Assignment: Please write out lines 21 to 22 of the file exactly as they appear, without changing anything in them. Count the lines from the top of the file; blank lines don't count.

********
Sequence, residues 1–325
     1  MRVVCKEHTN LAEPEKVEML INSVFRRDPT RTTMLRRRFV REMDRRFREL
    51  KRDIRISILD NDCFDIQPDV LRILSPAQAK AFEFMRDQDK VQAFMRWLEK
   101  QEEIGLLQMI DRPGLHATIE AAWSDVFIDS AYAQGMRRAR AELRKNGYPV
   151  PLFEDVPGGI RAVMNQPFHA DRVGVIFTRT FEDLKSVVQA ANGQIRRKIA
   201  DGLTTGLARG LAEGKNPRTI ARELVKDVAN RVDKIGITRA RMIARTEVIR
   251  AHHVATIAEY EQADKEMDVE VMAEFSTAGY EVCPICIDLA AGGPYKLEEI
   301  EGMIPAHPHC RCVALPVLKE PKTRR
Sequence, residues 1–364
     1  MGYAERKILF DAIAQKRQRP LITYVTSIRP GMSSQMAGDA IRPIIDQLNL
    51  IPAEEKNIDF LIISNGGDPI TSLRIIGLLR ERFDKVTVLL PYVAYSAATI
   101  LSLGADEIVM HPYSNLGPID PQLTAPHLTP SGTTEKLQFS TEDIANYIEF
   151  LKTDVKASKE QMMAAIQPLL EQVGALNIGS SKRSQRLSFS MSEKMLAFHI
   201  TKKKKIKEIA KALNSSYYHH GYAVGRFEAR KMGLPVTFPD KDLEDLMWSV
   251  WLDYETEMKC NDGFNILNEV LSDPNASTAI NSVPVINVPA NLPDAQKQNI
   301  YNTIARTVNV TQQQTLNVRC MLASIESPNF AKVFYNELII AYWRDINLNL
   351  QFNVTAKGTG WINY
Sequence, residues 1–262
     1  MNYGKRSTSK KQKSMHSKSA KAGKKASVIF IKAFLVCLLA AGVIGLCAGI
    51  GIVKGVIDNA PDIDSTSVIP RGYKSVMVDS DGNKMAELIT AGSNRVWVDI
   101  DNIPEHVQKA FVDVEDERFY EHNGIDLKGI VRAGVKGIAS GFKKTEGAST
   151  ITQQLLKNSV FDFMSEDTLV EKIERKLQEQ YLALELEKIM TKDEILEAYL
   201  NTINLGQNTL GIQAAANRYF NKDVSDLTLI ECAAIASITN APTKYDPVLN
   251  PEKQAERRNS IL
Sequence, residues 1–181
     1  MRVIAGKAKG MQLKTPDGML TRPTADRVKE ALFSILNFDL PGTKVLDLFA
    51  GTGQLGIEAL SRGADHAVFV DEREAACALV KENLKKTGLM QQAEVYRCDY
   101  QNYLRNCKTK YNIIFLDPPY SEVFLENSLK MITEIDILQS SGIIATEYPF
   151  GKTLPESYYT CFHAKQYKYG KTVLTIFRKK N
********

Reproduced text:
   101  DNIPEHVQKA FVDVEDERFY EHNGIDLKGI VRAGVKGIAS GFKKTEGAST
   151  ITQQLLKNSV FDFMSEDTLV EKIERKLQEQ YLALELEKIM TKDEILEAYL